Top Long Beach, CA Landlord Tenant Law Lawyers Near You

Landlord Tenant Law Lawyers | Pasadena Office | Serving Long Beach, CA

117 E Colorado Blvd, Suite 600, Pasadena, CA 91105

Landlord Tenant Law Lawyers | Irvine Office | Serving Long Beach, CA

2030 Main St, Suite 1300, Irvine, CA 92614

Landlord Tenant Law Lawyers | Los Angeles Office | Serving Long Beach, CA

11500 West Olympic Boulevard, Suite 400, Los Angeles, CA 90064

Landlord Tenant Law Lawyers | Buena Park Office | Serving Long Beach, CA

6131 Orangethorpe Ave, Suite 370, Buena Park, CA 90620

Landlord Tenant Law Lawyers | Laguna Hills Office | Serving Long Beach, CA

24422 Avenida De La Carlota, Suite 370, Laguna Hills, CA 92653

Landlord Tenant Law Lawyers | Sherman Oaks Office | Serving Long Beach, CA

15303 Ventura Blvd, Suite 1400, Sherman Oaks, CA 91403

Landlord Tenant Law Lawyers | Newport Beach Office | Serving Long Beach, CA

4695 MacArthur Court, Suite 310, Newport Beach, CA 92660

Landlord Tenant Law Lawyers | Santa Monica Office | Serving Long Beach, CA

1299 Ocean Avenue, Suite 400, Santa Monica, CA 90401

Landlord Tenant Law Lawyers | Pasadena Office | Serving Long Beach, CA

2 N Lake Ave, 400, Pasadena, CA 91101

Landlord Tenant Law Lawyers | Los Angeles Office | Serving Long Beach, CA

515 South Flower Street, 25th Floor, Los Angeles, CA 90071

Landlord Tenant Law Lawyers | Los Angeles Office | Serving Long Beach, CA

555 South Flower Street, Suite 2900, Los Angeles, CA 90071

Landlord Tenant Law Lawyers | Van Nuys Office | Serving Long Beach, CA

14401 Gilmore Street, Suite 100, Van Nuys, CA 91401

Landlord Tenant Law Lawyers | Irvine Office | Serving Long Beach, CA

4 Park Plaza, Suite 1025, Irvine, CA 92614

Landlord Tenant Law Lawyers | Corona Office | Serving Long Beach, CA

4160 Temescal Canyon Road, Suite 306, Corona, CA 92883

Landlord Tenant Law Lawyers | Los Angeles Office | Serving Long Beach, CA

1875 Century Park East, Suite 1900, Los Angeles, CA 90067

Landlord Tenant Law Lawyers | Encino Office | Serving Long Beach, CA

15760 Ventura Blvd, Suite 700, Encino, CA 91436

Landlord Tenant Law Lawyers | Los Angeles Office | Serving Long Beach, CA

1880 Century Park East, Suite 900, Los Angeles, CA 90067

Landlord Tenant Law Lawyers | Yorba Linda Office | Serving Long Beach, CA

18700 Yorba Linda Blvd, 89, Yorba Linda, CA 92886

Landlord Tenant Law Lawyers | Los Angeles Office | Serving Long Beach, CA

1722 Westwood Blvd. Suite 107, Los Angeles, CA 90024

Long Beach Landlord Tenant Law Information

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Lead Counsel independently verifies Landlord Tenant Law attorneys in Long Beach and checks their standing with California bar associations.

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  • Ample Experience Attorneys must meet stringent qualifications and prove they practice in the area of law they’re verified in.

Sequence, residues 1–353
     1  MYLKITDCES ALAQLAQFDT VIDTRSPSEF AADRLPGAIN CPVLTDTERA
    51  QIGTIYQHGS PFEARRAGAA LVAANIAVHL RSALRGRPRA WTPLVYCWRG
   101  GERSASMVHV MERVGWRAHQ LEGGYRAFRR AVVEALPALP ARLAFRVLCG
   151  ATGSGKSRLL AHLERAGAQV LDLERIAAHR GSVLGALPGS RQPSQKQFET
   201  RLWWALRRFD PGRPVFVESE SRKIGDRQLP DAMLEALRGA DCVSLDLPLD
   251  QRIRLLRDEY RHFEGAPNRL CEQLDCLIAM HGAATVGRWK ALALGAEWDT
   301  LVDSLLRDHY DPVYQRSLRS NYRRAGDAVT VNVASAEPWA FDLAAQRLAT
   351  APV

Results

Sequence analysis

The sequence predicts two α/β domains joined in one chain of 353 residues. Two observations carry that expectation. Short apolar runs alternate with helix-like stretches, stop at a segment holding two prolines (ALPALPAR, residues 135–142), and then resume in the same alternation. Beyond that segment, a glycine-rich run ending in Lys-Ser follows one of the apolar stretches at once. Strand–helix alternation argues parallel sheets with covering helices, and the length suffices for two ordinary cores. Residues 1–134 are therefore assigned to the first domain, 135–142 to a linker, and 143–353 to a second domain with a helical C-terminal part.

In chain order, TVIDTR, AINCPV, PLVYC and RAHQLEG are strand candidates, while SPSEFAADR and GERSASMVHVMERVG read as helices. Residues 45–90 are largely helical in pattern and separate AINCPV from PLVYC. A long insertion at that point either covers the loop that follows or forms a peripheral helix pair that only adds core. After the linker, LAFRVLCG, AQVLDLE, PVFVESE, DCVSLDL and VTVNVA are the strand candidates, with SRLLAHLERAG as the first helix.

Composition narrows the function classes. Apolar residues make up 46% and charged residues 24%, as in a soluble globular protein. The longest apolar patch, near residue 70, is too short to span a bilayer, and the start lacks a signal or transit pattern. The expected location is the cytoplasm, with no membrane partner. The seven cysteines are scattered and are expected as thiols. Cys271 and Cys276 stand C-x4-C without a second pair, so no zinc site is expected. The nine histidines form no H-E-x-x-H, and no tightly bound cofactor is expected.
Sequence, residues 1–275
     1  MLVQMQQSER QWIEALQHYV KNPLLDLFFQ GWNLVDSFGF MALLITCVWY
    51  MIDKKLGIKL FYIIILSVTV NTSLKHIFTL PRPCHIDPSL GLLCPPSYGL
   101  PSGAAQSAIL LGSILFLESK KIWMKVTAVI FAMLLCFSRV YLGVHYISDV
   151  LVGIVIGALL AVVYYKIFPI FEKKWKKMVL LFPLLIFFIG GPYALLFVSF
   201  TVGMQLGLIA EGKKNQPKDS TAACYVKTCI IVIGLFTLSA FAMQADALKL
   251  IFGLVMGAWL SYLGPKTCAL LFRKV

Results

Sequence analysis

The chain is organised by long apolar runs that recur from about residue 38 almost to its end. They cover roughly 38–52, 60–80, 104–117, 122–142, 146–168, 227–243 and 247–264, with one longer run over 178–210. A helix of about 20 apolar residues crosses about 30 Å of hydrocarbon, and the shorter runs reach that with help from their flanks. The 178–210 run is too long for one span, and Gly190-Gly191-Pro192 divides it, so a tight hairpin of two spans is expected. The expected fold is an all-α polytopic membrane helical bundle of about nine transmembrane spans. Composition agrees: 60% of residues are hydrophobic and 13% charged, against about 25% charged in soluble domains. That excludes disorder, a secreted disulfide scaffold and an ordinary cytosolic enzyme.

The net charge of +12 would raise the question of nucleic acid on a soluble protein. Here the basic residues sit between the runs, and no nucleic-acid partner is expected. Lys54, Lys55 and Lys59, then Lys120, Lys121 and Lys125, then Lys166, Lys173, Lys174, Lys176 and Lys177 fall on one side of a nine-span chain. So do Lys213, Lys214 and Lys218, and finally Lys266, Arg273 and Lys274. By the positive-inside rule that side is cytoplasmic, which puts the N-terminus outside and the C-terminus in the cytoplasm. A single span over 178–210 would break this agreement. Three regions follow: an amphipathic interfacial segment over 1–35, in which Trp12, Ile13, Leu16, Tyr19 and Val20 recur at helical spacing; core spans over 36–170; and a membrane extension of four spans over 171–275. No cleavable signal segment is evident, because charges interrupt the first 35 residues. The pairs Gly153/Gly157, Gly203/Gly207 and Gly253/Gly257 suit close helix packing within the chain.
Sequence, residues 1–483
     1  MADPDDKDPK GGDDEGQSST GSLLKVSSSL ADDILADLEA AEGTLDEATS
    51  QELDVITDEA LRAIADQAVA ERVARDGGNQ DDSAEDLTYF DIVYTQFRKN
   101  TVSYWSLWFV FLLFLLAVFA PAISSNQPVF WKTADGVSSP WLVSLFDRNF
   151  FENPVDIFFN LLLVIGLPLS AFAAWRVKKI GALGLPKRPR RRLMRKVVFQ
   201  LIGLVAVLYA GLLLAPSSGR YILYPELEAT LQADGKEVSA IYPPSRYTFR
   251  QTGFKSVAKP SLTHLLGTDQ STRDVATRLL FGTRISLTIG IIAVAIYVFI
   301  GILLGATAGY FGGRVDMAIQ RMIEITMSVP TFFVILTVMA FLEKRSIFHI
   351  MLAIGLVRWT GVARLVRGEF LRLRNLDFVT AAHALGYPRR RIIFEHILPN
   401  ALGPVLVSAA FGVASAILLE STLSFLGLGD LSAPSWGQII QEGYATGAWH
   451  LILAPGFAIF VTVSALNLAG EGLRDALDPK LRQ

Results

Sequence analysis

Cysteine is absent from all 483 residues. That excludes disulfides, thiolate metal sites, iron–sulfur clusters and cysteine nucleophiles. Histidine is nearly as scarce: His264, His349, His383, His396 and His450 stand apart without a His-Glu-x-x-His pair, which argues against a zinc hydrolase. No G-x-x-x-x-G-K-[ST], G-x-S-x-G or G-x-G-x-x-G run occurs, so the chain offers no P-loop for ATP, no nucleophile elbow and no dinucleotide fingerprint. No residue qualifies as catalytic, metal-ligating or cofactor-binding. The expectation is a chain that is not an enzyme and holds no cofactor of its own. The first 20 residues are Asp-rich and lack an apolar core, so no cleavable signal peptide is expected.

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Find a Landlord Tenant Law Attorney near Long Beach

Landlord Tenant Law

Landlord Tenant Law covers the legal rights and protections bestowed upon both landlords and tenants, and helps guide the negotiations and contracts executed between these two parties.

Landlord Tenant Attorneys

Long Beach Landlord Tenant Attorneys will represent either the tenant or landlord when a rental agreement has been allegedly breached and an agreement cannot be reached. These attorneys can usually delay or prevent an eviction, and immediately stop landlord harassment.

If you’re a landlord your Landlord Tenant Lawyer can help you construct rental agreements, evict tenants, go after unpaid rent, and ensure you’re operating under the law when you take any actions against a breaching tenant.

If you’re a tenant, a Landlord Tenant Law Firm can help you fight off landlord abuse and harassment, review rental contracts, stop evictions, and get your security deposit returned. Make sure your rights to a habitable unit are fully protected.

Are There Any Landlord Tenant Lawyers Near Me In Long Beach, CA?

Protecting your rights as a tenant doesn’t always come easy. Finding an attorney who is knowledgeable about landlord tenant law and understands the system can go a long way. The LawInfo directory can help you find verified Landlord Tenant attorneys in Long Beach. Make sure you seek one out that understands the type of case you have so that you can work toward a favorable outcome.

When Does a Landlord Have to Pay for a Hotel Room for a Tenant?

In most states, there’s no law that requires landlords to pay for temporary housing if a tenant’s rental unit becomes uninhabitable, even if it’s the landlord’s fault. Landlords may include a clause in their lease either reinforcing this, or offering to cover some expenses for hotels or other required accommodations, but in very few instances are they required to. If the lease says they will cover it, they will likely be bound to that, however. The landlord usually needs to reduce tenants’ rent for the number of days they’re unable to live in their home. If the conditions were exceptionally egregious or negligent, a tenant may have the option to bring their landlord to small claims court to recuperate any charges the displacement caused. Local laws determine what counts as legally uninhabitable, but it usually includes issues like a lack of plumbing or heat, or hazardous conditions.